All right, so now let’s talk about changing these physical properties. And a physical change is a change in a physical
property without a change in its identity or composition. Actually, let me get a couple of people to remove this
aquarium and I’ll show you another demonstration.

In contrast, a chemical change is a chemical reaction. Something is happening to our stuff that changes its identity or
composition. So the classic example of that is, what I have here is a hot plate, and the hot plate is hot. And what I
have here are some candles. And what you can see here is the hot plate is hot and I put a piece of candle into the hot
plate, what happens is it starts to melt. But what’s in the hot plate and in the petri dish is still wax, it’s just changing its
physical state. It’s going from being a solid to being a liquid, and you see a dish here of melted wax. But in contrast,
when I light these candles, now what is going on is a chemical change. What’s happening is the wax is reacting with
air, excuse me, oxygen in the air to form carbon dioxide and water and what’s left over is no longer wax, no longer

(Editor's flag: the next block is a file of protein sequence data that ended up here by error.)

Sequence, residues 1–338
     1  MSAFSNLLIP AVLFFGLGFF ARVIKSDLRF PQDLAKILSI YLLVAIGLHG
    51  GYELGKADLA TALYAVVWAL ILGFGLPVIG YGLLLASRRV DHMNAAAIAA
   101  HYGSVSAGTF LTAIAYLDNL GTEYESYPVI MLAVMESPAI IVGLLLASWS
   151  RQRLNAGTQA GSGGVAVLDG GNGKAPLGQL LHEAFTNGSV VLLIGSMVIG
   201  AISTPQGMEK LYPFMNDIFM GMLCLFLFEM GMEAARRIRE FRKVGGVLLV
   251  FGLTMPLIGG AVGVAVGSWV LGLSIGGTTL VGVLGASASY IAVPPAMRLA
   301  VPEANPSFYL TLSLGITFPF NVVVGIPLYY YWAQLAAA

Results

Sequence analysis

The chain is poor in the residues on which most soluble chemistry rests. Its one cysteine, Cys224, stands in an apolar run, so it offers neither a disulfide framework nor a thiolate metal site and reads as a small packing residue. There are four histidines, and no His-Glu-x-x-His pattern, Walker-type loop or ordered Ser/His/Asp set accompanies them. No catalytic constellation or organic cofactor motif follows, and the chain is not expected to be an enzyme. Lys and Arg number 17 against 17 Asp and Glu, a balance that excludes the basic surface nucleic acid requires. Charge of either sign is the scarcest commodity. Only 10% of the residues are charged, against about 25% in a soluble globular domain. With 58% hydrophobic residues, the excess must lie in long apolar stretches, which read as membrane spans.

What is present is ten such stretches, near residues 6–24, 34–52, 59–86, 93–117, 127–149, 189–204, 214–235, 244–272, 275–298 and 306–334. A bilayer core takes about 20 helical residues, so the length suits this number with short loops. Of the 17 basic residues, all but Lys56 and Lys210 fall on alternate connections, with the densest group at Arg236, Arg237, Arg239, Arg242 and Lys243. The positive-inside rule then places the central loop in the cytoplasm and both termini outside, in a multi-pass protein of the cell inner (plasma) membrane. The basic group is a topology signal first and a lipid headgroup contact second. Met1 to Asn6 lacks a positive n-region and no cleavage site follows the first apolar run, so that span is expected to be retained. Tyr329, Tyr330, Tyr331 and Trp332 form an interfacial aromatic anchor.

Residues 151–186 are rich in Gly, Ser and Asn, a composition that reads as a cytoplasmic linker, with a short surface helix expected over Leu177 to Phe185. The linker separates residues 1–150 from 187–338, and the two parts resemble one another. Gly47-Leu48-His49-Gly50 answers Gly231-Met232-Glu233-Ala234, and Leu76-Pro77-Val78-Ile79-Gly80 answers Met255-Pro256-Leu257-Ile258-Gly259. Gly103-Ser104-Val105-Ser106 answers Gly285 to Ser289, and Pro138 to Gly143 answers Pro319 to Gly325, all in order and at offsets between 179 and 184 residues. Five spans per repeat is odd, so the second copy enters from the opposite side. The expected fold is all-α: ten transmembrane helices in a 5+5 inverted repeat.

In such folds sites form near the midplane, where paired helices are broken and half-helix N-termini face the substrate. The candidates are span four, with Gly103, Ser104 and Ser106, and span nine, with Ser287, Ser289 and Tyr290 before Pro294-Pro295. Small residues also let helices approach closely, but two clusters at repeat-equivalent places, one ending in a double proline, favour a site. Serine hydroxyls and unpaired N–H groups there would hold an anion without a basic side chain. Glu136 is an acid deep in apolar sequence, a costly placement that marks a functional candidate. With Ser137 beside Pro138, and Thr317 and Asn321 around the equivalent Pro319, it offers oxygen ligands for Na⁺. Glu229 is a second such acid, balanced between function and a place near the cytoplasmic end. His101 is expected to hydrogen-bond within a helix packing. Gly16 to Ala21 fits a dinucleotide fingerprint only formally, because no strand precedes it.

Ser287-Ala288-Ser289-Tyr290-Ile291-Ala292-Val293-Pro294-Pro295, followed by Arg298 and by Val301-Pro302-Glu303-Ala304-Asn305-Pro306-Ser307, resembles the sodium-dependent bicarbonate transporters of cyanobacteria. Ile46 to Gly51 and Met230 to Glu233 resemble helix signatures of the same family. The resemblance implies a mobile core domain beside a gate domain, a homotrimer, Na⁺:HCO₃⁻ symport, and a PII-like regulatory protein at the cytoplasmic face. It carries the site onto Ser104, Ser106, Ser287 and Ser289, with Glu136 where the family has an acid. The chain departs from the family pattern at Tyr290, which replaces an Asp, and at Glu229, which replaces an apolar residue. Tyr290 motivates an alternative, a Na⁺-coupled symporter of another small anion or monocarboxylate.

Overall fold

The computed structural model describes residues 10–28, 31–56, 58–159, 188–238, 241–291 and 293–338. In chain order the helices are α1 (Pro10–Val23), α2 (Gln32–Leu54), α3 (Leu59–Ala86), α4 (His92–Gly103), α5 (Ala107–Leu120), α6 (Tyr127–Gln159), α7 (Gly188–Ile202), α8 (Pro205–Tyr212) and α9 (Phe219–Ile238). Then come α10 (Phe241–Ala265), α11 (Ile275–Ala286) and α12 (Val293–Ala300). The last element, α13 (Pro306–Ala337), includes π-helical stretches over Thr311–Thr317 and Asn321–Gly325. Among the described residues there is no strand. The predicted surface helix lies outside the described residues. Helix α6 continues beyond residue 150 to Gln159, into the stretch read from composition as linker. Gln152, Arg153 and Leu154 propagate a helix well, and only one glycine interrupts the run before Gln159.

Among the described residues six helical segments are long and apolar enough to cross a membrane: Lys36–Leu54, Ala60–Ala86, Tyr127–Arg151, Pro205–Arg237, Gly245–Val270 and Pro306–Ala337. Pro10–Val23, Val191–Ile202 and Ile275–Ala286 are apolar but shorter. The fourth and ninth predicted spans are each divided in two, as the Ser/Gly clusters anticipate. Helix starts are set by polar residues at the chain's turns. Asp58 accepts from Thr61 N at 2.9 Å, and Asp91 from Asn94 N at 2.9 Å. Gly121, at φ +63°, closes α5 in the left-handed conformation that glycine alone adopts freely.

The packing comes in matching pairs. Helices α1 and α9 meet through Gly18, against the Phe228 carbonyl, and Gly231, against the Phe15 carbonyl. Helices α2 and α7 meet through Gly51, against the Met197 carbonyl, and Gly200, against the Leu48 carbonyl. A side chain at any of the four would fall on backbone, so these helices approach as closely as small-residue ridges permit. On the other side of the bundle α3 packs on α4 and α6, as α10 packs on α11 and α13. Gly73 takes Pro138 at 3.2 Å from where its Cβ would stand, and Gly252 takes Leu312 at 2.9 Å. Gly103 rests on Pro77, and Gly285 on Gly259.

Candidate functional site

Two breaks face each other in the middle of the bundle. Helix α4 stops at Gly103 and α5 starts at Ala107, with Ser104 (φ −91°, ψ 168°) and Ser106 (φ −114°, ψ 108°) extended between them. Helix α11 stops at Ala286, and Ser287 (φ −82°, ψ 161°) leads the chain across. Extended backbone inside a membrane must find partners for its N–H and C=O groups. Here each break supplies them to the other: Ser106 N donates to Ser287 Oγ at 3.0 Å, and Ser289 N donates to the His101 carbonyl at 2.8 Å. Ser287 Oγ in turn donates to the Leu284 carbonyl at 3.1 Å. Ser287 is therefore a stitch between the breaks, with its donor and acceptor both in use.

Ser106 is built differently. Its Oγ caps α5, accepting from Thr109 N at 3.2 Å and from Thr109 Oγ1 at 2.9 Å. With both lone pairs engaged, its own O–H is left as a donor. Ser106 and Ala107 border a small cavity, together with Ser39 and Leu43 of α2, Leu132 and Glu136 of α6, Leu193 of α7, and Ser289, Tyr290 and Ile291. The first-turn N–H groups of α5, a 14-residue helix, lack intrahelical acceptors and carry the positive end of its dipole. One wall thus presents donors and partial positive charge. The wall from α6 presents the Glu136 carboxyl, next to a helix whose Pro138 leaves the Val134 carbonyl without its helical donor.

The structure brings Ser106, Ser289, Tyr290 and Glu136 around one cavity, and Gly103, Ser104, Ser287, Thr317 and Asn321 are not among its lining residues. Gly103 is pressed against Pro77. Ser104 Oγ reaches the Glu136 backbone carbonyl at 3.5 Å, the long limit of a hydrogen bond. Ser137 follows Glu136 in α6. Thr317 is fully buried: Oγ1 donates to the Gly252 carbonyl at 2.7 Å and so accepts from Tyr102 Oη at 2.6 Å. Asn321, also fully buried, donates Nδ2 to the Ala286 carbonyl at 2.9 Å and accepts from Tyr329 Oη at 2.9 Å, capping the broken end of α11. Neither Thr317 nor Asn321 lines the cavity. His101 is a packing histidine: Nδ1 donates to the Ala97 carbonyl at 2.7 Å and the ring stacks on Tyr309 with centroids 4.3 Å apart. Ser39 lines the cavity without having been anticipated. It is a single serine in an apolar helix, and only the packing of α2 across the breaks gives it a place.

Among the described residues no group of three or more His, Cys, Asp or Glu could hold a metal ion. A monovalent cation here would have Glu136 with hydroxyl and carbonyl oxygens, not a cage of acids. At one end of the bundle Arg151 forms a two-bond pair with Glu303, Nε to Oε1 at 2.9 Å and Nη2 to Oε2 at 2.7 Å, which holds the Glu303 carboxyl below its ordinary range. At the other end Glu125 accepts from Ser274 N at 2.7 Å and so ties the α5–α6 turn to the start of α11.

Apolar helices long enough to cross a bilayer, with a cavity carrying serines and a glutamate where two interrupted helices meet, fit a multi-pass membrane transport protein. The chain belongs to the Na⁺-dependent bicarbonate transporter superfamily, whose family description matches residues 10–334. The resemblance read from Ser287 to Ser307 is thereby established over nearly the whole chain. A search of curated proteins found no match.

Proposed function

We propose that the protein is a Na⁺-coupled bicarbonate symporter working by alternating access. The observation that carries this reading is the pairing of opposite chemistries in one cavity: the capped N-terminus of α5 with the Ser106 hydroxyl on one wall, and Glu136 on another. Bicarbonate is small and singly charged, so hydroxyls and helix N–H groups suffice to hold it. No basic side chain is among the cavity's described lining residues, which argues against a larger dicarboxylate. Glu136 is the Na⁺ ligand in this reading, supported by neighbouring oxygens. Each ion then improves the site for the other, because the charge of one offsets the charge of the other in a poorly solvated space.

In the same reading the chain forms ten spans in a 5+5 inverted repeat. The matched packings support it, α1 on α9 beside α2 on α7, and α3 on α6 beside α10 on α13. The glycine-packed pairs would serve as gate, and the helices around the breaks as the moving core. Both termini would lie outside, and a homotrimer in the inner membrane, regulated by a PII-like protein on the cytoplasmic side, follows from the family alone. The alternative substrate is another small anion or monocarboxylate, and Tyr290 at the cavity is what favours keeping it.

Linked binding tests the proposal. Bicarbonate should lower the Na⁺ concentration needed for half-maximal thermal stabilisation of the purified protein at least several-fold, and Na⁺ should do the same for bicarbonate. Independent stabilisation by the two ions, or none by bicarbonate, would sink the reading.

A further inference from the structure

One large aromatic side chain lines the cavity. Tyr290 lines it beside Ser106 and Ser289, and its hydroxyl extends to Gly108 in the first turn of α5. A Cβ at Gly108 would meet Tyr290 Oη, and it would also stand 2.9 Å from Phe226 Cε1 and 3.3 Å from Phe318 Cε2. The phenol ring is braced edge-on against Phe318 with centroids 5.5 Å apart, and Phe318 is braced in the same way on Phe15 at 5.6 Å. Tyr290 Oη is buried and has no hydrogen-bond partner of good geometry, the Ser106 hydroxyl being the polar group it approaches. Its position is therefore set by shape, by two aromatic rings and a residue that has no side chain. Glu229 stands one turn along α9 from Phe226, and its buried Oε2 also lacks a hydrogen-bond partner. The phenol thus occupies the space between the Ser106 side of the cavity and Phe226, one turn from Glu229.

identifiable as wax. It’s changed its composition, changed its identity to be something entirely different, carbon dioxide
and water.

Well, what we’ve talked about here are yet more ways that we categorize our world, in particular, what we’ve got, and
what scientists do is they go through and they’ve tabulated these things, or they’ve written them down. And it turns
out that things like boiling point and melting point uniquely characterize a substance. So if you have a substance that melts at 0 degrees C and boils at 100 degrees C, that's water. Nothing else boils at exactly 100 degrees C and
exactly melts at 0 degrees C. So you can see that physical properties and chemical properties are really important for
categorizing and organizing our world.